-- Martyn -- Boxologist, Pattern Juggler and Candyman of the visually challenging. http://www.theartofboxes.com

View poroskywood's profile

poroskywood

614 posts in 2020 days


#9 posted 05-31-2010 10:45 PM

The Pattern is awesome. Glue up formula should be the basic two fixed sides with two moving cull sides, slowly squeeze each way. Maybe try to group the brown maple pieces together in a area, like from right corner out until all the pieces turn white.

-- There's many a slip betwixt a cup and a lip.--Scott

View BritBoxmaker's profile

BritBoxmaker

4370 posts in 1692 days


#10 posted 05-31-2010 11:04 PM

Great minds think alike, Scott. I’ll remove the screws from two adjacent sides and use them as the floating cauls.

Only thing I’m concerned about is the working time of the glue I’m using, Titebond III. I was thinking of doing the glue-up in about four or five sections. Adding another couple of rows at a time. What do you think?

-- Martyn -- Boxologist, Pattern Juggler and Candyman of the visually challenging. http://www.theartofboxes.com

View Mary Anne's profile

Mary Anne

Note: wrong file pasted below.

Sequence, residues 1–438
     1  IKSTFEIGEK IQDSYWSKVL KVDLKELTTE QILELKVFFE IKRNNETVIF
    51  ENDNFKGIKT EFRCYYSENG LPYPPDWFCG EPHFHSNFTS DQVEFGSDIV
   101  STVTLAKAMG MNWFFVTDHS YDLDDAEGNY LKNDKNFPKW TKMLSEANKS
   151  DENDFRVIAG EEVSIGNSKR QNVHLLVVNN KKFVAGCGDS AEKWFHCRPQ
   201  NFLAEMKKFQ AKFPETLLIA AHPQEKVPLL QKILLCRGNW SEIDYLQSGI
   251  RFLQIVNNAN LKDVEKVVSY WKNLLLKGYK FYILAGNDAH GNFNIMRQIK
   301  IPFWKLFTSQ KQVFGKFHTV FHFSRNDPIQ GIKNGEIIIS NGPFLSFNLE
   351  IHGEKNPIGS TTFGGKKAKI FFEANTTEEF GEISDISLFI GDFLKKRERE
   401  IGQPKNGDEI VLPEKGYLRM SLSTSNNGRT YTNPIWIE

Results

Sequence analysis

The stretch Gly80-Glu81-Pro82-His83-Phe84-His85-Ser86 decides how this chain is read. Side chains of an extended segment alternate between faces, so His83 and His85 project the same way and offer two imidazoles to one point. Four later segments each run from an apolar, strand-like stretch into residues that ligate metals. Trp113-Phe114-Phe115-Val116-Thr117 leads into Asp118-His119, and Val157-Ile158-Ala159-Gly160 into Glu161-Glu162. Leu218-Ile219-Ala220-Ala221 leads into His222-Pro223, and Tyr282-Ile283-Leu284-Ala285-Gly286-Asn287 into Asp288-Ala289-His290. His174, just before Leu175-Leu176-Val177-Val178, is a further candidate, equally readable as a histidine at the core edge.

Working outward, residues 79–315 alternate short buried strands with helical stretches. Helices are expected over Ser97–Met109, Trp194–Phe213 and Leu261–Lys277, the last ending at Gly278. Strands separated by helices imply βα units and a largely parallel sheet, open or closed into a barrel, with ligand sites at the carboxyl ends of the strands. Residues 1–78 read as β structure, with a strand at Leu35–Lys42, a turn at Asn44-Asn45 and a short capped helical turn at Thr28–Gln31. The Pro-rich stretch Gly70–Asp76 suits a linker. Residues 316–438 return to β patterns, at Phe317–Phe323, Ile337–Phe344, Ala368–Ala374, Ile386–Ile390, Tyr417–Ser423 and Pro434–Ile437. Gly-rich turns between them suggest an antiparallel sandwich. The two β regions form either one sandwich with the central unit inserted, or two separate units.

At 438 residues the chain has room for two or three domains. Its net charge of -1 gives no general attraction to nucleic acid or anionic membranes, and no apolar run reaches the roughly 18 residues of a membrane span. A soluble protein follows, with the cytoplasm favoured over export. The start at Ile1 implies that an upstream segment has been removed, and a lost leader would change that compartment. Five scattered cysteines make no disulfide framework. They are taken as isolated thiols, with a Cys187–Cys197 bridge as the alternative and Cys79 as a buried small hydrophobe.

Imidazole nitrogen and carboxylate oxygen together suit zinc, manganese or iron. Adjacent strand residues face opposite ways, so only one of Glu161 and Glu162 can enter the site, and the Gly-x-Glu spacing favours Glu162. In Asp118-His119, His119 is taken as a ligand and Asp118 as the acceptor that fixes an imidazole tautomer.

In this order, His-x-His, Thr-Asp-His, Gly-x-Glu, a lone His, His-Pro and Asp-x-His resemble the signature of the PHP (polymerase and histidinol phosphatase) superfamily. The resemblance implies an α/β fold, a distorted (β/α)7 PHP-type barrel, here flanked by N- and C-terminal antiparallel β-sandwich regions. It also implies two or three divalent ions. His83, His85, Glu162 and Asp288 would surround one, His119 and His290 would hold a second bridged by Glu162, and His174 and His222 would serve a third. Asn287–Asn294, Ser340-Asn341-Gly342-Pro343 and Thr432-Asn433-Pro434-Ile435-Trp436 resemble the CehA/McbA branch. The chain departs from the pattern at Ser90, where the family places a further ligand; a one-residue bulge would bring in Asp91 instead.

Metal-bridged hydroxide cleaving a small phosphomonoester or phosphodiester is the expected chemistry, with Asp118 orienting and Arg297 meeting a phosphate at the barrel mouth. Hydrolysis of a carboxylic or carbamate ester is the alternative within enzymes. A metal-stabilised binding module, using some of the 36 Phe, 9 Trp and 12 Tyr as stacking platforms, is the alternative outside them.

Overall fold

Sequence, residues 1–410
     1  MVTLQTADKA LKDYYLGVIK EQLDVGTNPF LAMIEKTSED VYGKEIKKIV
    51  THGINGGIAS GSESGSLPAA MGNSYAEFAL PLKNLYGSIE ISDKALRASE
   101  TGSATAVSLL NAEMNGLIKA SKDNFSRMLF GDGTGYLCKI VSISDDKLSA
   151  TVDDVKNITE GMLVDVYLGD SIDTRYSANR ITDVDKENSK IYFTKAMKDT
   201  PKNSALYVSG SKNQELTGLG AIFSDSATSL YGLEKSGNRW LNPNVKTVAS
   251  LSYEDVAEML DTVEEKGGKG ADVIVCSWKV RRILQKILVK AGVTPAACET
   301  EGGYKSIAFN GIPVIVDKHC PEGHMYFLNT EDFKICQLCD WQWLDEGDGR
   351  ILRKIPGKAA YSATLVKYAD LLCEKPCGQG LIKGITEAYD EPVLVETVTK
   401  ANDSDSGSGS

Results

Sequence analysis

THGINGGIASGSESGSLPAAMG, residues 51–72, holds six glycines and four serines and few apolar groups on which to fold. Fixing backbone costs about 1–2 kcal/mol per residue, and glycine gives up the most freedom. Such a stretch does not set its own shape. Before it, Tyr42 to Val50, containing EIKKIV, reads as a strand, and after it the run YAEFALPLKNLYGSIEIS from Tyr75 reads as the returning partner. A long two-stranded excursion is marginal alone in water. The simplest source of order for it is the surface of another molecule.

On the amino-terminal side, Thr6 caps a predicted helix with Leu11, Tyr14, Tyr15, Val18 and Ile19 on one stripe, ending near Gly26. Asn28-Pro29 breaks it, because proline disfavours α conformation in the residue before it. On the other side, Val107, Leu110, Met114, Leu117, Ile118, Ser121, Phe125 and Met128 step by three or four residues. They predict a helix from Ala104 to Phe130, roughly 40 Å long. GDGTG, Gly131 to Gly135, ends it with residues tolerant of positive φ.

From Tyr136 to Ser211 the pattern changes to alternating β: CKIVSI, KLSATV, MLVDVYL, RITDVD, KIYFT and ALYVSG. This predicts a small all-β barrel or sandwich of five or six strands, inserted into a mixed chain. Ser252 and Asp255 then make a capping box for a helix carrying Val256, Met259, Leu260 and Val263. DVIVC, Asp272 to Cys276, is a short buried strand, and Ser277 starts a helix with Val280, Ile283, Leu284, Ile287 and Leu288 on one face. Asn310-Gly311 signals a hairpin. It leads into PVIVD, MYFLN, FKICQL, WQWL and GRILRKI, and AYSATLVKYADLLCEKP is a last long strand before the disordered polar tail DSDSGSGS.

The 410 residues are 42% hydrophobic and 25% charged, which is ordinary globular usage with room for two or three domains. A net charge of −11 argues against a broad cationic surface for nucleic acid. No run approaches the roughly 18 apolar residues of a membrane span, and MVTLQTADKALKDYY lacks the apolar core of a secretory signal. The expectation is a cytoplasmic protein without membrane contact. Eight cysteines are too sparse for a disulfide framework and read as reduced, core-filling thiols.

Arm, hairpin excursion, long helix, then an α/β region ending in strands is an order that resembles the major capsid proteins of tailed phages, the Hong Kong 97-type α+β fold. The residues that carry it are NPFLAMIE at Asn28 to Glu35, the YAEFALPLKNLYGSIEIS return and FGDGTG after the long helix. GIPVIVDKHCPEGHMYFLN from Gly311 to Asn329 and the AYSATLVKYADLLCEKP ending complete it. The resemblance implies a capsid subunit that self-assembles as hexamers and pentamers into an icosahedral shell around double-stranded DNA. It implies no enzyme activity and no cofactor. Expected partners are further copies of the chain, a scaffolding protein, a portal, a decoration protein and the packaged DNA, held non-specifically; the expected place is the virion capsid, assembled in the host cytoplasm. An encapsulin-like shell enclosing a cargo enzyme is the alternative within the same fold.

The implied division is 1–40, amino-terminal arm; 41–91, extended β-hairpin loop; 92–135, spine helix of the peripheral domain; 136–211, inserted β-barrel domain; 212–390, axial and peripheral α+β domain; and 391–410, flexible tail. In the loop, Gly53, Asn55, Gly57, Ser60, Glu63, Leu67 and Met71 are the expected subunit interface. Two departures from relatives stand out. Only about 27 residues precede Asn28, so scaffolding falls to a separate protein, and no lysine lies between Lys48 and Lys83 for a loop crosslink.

1057 posts in 1864 days


#11 posted 05-31-2010 11:14 PM

You are an expert at turning small bits into large pretty things. Your pattern making tutorials are, at last, making the bulb go off in my mind. It may be a dim bulb, but I am catching on to the process. Thanks… I hope. :)

View stefang's profile

stefang

13046 posts in 1990 days


#12 posted 06-01-2010 12:32 AM

Way beyond me, but very interesting to see this great work. I’m afraid to even try this stuff.

-- Mike, an American living in Norway.

View sras's profile

sras

3841 posts in 1785 days


#13 posted 06-01-2010 02:21 AM

I’m still impressed with how you were able to see how to make the pattern with two basic elements! Thanks for sharing!

-- Steve - Impatience is Expensive

View woodpeckerbill's profile

woodpeckerbill

202 posts in 1929 days


#14 posted 06-01-2010 03:41 AM

Wow! Great design.
Bill

View poroskywood's profile

poroskywood

614 posts in 2020 days


#15 posted 06-01-2010 04:31 AM

Martyn, I missed how large this is.
I’ve spent up to 15 min from start to finish on a board. My thought has been the more glue the longer the drying time or time to set up. So I initially put the glue on heavier especially in the beginning. Also you will be setting these neatly and tightly in place against your fixed culls so there will not be a lot of messing around with it, just tighten the clamps. I take a dish pour out the glue so it’s handy and go for it. Once you are into the meat of the board you will only need to coat two sides of each piece so It should go fairly quickly. It looks like a lot of pieces, the fewer sections however the better and less chance of a section not lining up right in the final stage of glue up.
Good Luck.

-- There's many a slip betwixt a cup and a lip.--Scott